WA crude oil depleted by 75 %

According to statistics published by the WA government in April 2011, WA’s crude oil resources including contingencies are depleted by around 75% at end 2010 up from 63% at end 2006. The annual depletion rate is therefore around 3% pa. Crude oil production in 2010 has increased from new fields (Van Gogh, Pyrenees) but the reserve/production ratios in some of these new fields are only 4-5 years. Fields which started in 2004-2008 (Mutineer, Enfield, Styborrow, Vincent) have already peaked and are in decline.


A quick calculation from the above tables 1 and 2a:

Cumulative Production end 2010:      265 GL
P 50 resources end 2009:                   130 GL
Production 2010:                                    14 GL
Appr. resources end 2010:                  116 GL

Depletion at 50% probability = 265 / ( 265 + 116 ) = 70%

Repeating the calculation for P90

Depletion at 90% probability = 265 / ( 265 + 81 – 14 ) = 80%

A more detailed calculation is shown in this graph using resource depletion trends in the years 2006 – 2009

Data from PWA publications: http://www.dmp.wa.gov.au/5592.aspX

P 50 resources have been declining slightly and P90 resources increasing. This means the ultimate recoverable resources (URR) will be somewhere between the 50% and 90% probabilities. Assuming that these trends have continued over 2010 we get depletion levels between 70% and 78%, the average not much different from the quick calculation above. In 2006, the P50 depletion level was only 56%, so there was an increase of 14% to 70% in just 4 years.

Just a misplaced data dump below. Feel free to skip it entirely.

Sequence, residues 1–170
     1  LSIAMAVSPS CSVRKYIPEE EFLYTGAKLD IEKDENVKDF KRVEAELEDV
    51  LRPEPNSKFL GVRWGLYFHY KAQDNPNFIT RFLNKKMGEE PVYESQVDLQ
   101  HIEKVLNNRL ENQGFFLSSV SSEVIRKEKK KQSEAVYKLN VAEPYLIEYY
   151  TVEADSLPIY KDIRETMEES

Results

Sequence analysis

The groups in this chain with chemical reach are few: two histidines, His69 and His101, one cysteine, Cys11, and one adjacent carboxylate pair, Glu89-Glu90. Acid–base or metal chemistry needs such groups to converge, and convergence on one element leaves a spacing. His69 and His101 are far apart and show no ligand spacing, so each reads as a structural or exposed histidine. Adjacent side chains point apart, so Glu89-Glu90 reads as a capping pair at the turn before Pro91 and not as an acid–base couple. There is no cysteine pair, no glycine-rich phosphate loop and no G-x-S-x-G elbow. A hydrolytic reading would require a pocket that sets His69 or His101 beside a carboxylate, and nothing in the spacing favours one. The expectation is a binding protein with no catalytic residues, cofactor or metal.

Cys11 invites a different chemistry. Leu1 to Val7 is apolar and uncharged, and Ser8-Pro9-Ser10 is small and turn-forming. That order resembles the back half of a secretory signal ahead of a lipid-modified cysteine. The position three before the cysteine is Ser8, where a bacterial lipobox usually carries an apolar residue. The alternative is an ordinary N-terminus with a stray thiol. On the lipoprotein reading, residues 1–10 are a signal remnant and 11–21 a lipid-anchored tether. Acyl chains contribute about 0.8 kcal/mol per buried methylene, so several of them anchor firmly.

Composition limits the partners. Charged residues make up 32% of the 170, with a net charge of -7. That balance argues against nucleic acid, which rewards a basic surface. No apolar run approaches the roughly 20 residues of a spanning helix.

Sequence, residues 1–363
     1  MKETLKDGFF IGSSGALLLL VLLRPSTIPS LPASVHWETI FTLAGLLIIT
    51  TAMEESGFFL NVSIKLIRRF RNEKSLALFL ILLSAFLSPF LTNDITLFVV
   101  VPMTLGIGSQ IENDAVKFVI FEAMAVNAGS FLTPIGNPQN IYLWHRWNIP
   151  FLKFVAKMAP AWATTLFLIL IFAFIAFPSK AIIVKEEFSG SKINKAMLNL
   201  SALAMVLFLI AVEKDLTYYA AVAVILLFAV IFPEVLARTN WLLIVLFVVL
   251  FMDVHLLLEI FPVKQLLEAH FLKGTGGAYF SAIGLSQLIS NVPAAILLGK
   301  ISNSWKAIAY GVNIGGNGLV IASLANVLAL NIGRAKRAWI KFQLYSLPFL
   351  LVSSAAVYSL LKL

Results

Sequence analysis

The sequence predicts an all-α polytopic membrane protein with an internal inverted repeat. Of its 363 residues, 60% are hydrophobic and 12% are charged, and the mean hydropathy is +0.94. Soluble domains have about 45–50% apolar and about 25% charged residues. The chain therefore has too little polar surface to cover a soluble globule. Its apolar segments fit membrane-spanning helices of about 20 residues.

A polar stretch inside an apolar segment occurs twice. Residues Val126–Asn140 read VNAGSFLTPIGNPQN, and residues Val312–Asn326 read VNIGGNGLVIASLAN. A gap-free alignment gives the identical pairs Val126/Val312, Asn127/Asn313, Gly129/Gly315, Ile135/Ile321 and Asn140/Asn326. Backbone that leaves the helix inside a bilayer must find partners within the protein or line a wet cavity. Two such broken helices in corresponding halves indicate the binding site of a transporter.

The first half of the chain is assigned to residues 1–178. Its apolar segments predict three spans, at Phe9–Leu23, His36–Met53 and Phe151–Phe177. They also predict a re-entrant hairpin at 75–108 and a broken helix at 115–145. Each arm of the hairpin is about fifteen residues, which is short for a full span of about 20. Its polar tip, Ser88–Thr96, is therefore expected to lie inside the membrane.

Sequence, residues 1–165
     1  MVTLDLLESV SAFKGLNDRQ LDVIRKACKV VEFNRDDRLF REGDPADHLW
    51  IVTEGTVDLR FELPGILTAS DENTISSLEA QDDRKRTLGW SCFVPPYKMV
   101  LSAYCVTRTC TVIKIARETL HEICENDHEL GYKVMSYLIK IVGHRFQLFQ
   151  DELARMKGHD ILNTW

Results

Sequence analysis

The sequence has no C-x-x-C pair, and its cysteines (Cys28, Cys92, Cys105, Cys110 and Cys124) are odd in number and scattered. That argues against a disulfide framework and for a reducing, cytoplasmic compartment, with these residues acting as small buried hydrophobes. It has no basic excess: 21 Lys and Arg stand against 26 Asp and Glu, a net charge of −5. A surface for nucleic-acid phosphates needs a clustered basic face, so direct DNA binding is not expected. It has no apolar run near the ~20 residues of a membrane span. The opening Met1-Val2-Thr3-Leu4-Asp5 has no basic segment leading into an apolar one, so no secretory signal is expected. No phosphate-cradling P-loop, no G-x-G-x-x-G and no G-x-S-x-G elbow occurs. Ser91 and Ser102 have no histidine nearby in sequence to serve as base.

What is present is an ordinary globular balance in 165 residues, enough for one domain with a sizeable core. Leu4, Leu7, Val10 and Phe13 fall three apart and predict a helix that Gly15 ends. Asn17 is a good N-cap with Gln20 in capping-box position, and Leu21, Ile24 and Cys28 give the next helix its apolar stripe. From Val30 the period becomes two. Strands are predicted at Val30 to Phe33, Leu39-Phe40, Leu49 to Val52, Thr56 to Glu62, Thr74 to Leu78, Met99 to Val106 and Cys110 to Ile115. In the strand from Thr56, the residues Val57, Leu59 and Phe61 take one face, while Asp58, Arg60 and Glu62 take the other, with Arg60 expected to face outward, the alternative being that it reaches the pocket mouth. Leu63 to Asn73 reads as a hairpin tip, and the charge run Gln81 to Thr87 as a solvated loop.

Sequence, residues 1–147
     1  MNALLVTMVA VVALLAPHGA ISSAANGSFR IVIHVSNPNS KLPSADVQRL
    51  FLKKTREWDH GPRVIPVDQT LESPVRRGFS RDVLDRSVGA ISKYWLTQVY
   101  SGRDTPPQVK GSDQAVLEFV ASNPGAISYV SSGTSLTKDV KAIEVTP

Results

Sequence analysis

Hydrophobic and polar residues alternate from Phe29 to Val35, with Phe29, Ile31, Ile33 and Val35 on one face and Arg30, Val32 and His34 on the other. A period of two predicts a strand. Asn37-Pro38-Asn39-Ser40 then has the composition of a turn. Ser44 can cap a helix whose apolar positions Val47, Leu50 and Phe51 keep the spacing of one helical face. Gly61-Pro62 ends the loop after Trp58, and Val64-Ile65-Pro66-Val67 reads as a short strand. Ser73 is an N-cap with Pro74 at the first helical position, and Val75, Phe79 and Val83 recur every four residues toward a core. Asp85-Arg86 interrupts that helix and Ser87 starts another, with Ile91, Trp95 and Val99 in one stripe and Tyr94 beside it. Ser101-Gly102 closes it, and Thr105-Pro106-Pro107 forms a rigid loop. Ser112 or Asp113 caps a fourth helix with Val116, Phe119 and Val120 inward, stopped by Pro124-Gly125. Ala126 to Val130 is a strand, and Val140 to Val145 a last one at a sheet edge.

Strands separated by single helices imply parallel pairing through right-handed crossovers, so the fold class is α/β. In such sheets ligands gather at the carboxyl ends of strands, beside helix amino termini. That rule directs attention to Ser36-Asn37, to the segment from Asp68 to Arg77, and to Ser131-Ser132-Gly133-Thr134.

Here are the production profiles by field:

All data are from: http://www.dmp.wa.gov.au/5592.aspx

We see that pre-2004 fields have declined to a mere 25% of their peak in 2002 in just 8 years. New fields between 2004 and 2008 already peaked in 2008:

which caused a steep drop in total WA production. In 2010, new fields have come on-stream in the Pyrenees group (Stickle, Ravensworth, Crosby).


In PWA September 2008, Stickle had P50 reserves of 5.565 GL. With a 2010 production rate of 1.5 GL the reserve/production ratio would only be 5.6/1.5=3.7 years. For Crosby the R/P ratio would be 9.2/1.9=4.8 years. Unfortunately, PWA no longer publishes reserves/resources by field and Ravensworth was not included in PWA Sep 2008. But with estimated recoverable reserves of 80-120 million barrels and a scheduled processing rate of the Pyrenees FPSO of 96 kb/d (5.4 GL pa) we would get 120 mb / 96 kb/d x 365 days = 3.4 years.


Conclusion: Barring new substantial discoveries, WA’s crude oil has entered its last quarter. As extraction rates in new fields are very high (offshore environment) depletion levels will increase by between 3-4% pa on current trends to reach around 85% – 90% by 2015. This will dramatically worsen Australia’s net oil import balance. Given that global crude oil exports have already peaked in 2005 there is a major oil import crisis ahead. Neither banks – who are still financing new tollway projects like the M2 widening in Sydney – nor the general public have been properly informed about these facts.